I have two issues with your post. Maybe they are a failure to understand what you're saying (blame it on reading comprehension in that case):
1) ".. has negatively affected most women's ability to be treated professionally and respectfully"
If you reread those lines, would you still choose them? _Most_ women's ability to be treated in either way or both is negatively affected? Maybe I stumble when I read 'most' and change that mentally to 90% or so - which my gut rejects as unreasonably large and way over the top.
2) Did you watch the video? Would you, if that girl came now down the street, think disrespectful about her? Consider her unprofessional in her job?
I think the video was obviously shot for this effect and completely unnecessary. The 'I need new pants' comment at the end was the biggest issue I have with that stuff.
Watching it I reacted like w/ most advertisements: Lack of interest in general, disgust for so badly disguised tries to influence the viewer, me.
But I don't think videos like these will go away, nor are they the biggest problem. Failure to distinguish between a model with little more than a shirt on (job: to be looked at) and your fellow rails programmer (job: produce awesome code) because they share the same sex is .. stupid. And needs to be eliminated.
Yes, I'd write this the same way. I'm referring to the subtle effects that the real katie wrote about yesterday in "Lighten up". Women are treated professionally and respectfully in many situations, but the subtle effects of what she described add up, and do indeed affect most women.
Believe me, I see where you're coming from. My gut instinct (which I'm trying to tame) when I hear something about objectification is "I wouldn't mind someone objectifying me!" - but that instinct is wrong and here's why.
I (straight, white, american, upper middle class, male from suburban christian background) have a shit ton of privilege. Part of that as I understand it is that there are huge double standards in society at large for men vs women. There are things that I can do, which a woman doing would have incredible different reactions an consequences.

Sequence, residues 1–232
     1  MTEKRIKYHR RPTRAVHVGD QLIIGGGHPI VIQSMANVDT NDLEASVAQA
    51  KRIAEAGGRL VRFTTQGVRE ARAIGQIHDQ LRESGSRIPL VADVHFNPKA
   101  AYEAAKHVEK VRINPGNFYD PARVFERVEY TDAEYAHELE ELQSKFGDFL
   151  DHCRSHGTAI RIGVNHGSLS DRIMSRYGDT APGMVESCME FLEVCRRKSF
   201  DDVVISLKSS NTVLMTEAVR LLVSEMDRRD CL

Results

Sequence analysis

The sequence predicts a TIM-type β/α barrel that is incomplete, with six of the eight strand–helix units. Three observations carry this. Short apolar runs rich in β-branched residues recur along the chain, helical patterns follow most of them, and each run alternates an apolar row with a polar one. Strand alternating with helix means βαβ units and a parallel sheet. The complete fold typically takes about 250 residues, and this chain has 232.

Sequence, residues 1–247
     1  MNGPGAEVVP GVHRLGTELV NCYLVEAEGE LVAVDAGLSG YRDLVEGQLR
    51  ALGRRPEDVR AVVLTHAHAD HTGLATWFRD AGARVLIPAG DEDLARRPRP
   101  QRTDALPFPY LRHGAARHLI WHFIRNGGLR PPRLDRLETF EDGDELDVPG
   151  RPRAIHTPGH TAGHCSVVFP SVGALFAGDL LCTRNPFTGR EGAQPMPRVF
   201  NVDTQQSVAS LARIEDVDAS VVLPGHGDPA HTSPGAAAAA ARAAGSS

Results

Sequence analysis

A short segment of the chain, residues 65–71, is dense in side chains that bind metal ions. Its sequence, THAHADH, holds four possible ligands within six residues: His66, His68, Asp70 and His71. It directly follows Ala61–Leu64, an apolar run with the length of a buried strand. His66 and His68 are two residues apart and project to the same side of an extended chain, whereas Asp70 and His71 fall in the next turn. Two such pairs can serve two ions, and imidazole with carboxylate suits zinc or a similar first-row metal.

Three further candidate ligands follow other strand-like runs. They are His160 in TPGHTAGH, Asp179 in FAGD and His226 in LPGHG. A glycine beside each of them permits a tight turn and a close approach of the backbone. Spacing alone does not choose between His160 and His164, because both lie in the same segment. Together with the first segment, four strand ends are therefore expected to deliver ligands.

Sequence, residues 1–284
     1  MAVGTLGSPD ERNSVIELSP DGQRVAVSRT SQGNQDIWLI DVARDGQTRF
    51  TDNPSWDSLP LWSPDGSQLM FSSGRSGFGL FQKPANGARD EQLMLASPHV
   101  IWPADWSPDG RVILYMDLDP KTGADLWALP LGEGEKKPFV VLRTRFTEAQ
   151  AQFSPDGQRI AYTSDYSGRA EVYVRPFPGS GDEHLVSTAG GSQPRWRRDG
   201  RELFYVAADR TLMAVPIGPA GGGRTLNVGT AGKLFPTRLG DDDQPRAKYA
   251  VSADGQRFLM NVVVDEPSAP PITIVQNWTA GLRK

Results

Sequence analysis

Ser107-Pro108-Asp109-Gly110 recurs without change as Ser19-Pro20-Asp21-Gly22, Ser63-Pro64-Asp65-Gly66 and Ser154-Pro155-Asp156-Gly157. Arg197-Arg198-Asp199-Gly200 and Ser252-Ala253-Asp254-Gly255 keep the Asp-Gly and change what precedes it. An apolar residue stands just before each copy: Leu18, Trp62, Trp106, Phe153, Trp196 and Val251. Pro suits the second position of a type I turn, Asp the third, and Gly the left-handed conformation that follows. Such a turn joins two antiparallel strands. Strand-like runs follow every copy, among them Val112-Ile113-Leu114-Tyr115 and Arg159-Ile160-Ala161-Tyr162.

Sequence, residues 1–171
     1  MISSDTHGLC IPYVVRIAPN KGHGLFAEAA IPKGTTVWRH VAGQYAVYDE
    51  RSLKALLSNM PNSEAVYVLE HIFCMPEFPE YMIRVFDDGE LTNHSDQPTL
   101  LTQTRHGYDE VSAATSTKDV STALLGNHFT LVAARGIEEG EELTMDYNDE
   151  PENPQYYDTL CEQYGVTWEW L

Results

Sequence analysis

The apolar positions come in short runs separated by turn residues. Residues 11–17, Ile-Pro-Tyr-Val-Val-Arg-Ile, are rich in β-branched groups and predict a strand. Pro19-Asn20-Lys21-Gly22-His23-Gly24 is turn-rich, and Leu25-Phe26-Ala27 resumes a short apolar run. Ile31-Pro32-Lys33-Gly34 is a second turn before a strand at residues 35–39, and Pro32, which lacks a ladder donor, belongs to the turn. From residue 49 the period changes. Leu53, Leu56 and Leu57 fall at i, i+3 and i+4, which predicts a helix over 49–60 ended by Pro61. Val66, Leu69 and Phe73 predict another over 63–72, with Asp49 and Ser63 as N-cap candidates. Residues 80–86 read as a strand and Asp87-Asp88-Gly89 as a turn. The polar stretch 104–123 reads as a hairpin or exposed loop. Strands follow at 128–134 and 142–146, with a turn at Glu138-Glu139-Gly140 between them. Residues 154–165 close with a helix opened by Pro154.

To be extreme, if I worked for a company and the rumor was that I had slept with every woman that worked there, it would likely be seen by the coworkers (and management potentially) as being a generally positive thing. James Bond, etc... The rumor of a woman doing the exact same and she's a slut. The consequences of being seen in a sexual light for a man aren't the same as they are for a woman. For men, its a sign of increasing power, and for women unfortunately its of decreasing power.
What does offend me are advertisements with the bumbling-husband archetype or similar man-without-a-woman stereotypes.
Edit: I should point out that I do think male sexualization is bad as it can promote poor body image, etc.
Also I can detect the implication that somebody is a hypocrite if they do not sit there and correctly judge every single case of sexism that comes their way. Do you believe that ethical decisions are black-or-white and that you cannot judge one ethical decision unless you have the ability and time to judge them all?
Obviously everyone has different sensitivities, but if you cannot objectively identify sexism of both men and women in advertisements, yes you're a hypocrite.
Consider the context though. How were women treated a 100 years ago? How are they still treated? Feminism, etc.
I think you need a better model that takes this into consideration. Whether you like it or not for historic reasons there is greater sensitivity about sexism against women. I don't think rejecting this is being more objective, it's called trying to force an incomplete model onto reality.
Every woman I've talked to LOVES this kinds of photos. I've never ever hear anybody protesting this (except maybe some prude religious idiots).
Edit: which is not to mean that the entire gender stereotyping thing doesn't hurt men — of course it does — but there's a world of difference between what it does to men and women.